Finbarr Kelly, 36, of Antrim Road in north Belfast, was spared a two years in jail after a judge said the defendant was needed at home to look after his severely disabled teenage son.
However, Belfast Recorder Judge David McFarland jailed co-accused John Joseph McNally, 47, of Oisin House, Victoria Parade, Belfast, for 11 months.
The two defendants pleaded guilty to having an imitation firearm, namely a pellet-type weapon, with intent to cause fear of violence.
Father-of-three Kelly also pleaded guilty to possessing articles likely to be of use to terrorists, namely a statement on behalf of the leadership of a group calling itself "Community Action Against Drugs'.
Belfast Crown Court heard that on 30 August 2012 following a tip-off, police stopped a Renault Scenic car in the north of the city. McNally was driving while Kelly was the front seat passenger.
"During a search of the car, police recovered a firearm under the front passenger seat," said a prosecution lawyer.
"Police also found two pairs of gardening gloves along with two balaclavas in the car.
"A baseball bat and a claw hammer were found in the boot of the car."
Some of our communities are terrorised by those who purport to be their protectors. We will do everything we can to ensure such criminals do not succeed. We would encourage everyone to work with us to ensure the rule of law is upheld and the threat of violence is reduced.
PSNI Serious Crime spokesperson
The court was told that during a follow up operation, police searched Kelly's Antrim Road home and found a statement purporting to be on behalf of the leadership of 'Community Action Against Drugs'.
The document focused on drug dealers and drug dealing gangs operating in the north Belfast area.
"It referred to drug dealers and states those who seek to benefit from the destruction of their families, friends and the wider community will be executed, exiled and their businesses targeted and destroyed."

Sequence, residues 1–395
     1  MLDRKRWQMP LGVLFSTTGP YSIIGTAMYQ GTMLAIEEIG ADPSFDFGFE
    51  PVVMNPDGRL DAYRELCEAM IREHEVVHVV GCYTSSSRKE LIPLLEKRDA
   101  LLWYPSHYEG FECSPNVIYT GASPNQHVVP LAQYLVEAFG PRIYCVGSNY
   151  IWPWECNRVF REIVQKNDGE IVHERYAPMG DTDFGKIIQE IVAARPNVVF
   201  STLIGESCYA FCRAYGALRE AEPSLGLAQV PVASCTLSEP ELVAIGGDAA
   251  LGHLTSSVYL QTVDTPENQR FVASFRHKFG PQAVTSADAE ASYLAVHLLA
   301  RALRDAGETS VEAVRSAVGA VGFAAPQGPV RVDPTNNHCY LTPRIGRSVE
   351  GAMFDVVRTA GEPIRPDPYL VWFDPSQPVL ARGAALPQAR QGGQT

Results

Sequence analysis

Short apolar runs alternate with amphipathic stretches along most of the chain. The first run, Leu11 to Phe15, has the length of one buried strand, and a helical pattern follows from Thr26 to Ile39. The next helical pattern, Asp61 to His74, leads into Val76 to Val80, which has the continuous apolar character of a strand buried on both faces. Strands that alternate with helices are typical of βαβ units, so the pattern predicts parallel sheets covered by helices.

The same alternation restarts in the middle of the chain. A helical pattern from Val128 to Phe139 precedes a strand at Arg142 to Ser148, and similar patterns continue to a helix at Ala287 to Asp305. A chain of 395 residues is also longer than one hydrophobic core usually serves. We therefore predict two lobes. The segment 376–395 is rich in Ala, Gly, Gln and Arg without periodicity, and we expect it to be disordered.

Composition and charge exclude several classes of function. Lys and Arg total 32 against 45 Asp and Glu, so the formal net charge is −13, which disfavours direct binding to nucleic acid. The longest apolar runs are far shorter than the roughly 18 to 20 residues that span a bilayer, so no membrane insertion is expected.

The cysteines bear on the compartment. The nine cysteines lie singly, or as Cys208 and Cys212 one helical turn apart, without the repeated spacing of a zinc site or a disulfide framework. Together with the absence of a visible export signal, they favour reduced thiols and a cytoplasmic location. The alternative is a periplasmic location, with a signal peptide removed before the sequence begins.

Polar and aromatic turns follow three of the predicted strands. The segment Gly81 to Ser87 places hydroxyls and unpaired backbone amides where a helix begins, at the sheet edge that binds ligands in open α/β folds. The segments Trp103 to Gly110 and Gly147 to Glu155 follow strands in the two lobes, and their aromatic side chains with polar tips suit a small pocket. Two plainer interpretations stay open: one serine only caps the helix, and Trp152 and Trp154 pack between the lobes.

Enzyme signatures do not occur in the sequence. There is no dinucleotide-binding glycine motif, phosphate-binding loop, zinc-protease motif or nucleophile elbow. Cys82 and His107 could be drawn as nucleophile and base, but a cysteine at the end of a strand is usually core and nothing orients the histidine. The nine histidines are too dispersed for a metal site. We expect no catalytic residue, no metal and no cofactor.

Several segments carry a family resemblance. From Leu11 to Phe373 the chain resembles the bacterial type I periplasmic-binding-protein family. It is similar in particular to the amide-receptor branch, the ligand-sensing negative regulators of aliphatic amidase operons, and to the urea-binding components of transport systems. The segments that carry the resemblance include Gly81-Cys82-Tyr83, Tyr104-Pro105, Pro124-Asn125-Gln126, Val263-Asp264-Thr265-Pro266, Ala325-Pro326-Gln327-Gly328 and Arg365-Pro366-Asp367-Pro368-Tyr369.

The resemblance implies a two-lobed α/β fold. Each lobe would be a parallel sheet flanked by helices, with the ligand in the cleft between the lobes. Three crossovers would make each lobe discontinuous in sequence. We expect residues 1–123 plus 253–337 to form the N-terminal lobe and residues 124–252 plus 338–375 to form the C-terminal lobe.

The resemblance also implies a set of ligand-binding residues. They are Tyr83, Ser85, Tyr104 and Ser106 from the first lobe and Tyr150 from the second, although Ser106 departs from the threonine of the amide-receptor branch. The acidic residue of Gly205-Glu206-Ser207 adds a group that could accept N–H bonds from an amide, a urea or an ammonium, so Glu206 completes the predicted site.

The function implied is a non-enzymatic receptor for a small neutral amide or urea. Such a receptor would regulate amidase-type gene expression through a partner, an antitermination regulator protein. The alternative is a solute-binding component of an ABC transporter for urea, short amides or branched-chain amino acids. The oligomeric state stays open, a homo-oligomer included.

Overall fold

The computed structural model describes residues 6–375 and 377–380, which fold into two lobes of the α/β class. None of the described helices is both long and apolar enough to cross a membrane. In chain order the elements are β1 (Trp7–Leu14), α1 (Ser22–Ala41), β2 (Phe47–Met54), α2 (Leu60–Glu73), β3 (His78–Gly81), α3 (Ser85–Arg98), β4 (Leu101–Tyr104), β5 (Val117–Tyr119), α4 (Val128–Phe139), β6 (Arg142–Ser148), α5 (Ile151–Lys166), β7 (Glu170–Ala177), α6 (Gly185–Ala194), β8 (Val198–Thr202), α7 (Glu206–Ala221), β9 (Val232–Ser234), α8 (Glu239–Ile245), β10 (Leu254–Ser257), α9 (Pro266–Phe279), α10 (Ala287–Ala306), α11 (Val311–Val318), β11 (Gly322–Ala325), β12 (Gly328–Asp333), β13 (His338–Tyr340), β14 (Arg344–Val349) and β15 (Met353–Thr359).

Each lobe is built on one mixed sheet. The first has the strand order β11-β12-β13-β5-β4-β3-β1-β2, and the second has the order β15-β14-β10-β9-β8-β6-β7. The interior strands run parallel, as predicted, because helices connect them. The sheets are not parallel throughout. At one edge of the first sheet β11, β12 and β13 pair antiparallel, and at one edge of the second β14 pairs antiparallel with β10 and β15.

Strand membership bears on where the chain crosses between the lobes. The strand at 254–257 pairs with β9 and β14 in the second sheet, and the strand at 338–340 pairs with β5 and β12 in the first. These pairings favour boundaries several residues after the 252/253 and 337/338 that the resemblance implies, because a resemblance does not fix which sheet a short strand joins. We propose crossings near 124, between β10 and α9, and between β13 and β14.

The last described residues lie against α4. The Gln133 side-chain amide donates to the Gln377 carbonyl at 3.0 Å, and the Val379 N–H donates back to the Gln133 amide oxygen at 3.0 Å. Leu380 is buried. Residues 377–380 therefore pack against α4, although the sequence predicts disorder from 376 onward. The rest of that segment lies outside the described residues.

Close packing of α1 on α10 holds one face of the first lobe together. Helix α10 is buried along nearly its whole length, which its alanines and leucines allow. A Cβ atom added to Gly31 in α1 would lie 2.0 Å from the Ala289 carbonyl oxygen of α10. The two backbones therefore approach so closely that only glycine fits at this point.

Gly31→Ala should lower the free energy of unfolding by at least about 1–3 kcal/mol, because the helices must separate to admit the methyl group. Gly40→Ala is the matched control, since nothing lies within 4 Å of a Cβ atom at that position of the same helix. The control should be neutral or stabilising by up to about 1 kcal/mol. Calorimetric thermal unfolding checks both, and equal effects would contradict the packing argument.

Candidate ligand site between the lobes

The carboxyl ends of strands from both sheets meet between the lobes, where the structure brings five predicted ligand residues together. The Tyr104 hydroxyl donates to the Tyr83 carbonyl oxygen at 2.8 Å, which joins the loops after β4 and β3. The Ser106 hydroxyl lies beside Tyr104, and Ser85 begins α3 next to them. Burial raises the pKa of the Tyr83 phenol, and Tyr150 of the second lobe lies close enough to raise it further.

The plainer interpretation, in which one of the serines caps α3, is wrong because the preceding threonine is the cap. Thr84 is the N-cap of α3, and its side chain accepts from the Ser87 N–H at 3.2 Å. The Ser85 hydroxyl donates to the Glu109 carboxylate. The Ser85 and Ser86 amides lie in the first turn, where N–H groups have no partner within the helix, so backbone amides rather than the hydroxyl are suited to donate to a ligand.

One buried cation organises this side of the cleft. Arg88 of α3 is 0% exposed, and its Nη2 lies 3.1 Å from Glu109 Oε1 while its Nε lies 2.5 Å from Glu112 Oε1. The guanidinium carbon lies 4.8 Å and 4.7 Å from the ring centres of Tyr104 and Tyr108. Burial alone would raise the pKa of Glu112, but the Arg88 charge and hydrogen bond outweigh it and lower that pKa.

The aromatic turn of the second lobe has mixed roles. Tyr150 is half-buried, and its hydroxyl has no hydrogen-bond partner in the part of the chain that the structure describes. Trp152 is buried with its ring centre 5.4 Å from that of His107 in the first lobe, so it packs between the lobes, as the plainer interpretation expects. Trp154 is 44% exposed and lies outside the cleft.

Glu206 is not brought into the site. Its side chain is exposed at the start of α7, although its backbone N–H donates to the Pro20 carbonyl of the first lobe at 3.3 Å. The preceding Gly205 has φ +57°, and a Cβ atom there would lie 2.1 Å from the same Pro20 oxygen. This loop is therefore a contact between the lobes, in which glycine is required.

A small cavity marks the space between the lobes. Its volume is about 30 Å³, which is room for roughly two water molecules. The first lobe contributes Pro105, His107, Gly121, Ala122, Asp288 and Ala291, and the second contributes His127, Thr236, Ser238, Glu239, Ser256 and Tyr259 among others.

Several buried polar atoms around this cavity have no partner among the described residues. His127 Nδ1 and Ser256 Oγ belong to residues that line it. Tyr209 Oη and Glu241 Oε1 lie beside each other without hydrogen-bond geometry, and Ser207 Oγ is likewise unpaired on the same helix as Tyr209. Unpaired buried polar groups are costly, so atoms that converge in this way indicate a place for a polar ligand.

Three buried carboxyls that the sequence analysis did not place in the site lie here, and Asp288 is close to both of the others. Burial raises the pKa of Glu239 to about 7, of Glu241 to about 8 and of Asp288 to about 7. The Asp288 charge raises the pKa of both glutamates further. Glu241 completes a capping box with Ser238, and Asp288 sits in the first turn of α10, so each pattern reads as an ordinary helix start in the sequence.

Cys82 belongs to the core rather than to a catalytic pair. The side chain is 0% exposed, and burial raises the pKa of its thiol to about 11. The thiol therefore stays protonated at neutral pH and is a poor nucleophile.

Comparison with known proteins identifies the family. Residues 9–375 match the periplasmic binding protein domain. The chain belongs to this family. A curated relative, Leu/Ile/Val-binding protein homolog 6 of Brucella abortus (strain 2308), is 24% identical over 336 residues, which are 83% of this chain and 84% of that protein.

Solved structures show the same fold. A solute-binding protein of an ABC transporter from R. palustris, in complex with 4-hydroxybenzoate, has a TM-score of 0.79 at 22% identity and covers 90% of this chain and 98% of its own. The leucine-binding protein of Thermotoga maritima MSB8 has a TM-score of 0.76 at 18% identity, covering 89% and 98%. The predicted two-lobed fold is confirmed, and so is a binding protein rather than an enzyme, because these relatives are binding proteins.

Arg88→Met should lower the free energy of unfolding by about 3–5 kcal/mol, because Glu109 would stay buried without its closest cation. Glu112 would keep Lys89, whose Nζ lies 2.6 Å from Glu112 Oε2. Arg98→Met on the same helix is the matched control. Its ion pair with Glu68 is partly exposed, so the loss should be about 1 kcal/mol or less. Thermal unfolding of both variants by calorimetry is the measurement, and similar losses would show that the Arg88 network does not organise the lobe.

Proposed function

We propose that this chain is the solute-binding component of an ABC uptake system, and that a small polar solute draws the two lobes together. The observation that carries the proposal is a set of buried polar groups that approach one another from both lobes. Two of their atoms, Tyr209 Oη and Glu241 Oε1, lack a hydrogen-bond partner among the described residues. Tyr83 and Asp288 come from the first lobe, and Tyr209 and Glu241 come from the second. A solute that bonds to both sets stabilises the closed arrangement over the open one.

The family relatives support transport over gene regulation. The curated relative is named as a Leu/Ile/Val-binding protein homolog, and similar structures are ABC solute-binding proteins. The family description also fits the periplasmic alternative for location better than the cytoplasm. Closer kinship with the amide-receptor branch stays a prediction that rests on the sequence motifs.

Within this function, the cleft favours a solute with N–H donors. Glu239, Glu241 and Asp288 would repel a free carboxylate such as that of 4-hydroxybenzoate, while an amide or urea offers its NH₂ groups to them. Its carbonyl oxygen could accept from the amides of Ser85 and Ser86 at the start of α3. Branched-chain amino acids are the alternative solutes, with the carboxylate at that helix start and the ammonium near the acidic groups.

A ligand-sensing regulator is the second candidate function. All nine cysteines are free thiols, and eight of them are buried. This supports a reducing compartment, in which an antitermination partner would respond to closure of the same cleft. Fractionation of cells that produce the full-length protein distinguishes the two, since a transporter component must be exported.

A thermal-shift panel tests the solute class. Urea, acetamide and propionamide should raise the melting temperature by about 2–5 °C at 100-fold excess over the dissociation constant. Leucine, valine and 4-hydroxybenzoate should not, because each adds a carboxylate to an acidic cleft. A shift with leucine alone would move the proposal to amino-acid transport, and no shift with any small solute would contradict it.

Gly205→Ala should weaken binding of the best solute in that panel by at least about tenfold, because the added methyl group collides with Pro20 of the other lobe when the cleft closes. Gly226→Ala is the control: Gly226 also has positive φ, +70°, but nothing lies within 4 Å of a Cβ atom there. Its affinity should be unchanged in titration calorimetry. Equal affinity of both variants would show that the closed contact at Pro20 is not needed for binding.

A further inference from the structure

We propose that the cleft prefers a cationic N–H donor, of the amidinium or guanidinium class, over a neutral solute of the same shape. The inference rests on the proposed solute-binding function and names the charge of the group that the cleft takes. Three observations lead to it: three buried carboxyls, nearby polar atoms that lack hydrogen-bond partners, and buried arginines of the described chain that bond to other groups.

Judge McFarland was told that 18 fingerprint marks were found on the document belonging to Kelly and the lawyer said Kelly had either "written the document or had held the document".
The lawyer said that Kelly's DNA was found on the imitation firearm.
A defence barrister for Kelly said that the three weeks he spent on remand after his arrest were "enough for him" and he had no intention of going back to prison.
The lawyer said that Kelly was the father of a 14-year-old son who suffered from severe disabilities and he was needed at home to help care with his son.
A defence barrister for McNally said he pleaded guilty to having the firearm but there was no DNA linking him to the document.
The lawyer said that although McNally had a significant criminal record, most of it was dealt with in the Magistrates' Court, including a conviction for rioting.
"His remand in custody for these offences is the first time he has ever been to prison and he does not want to return there," he added.
Judge David McFarland said there was clearly and a "paramilitary overtone" to the case.
"It was clear that on this day you were going to scare someone or put them in fear."
The judge said that he had carefully considered the case of Kelly and his role in caring for his teenage son.
"In all the circumstances I have decided I am going to suspend you prison sentence."
The Belfast Recorder sentenced Kelly to two years in prison on both accounts suspended for two years.
The judge sentenced McNally to 22 months in prison, with half to be spent in custody and the remainder on licence following his release.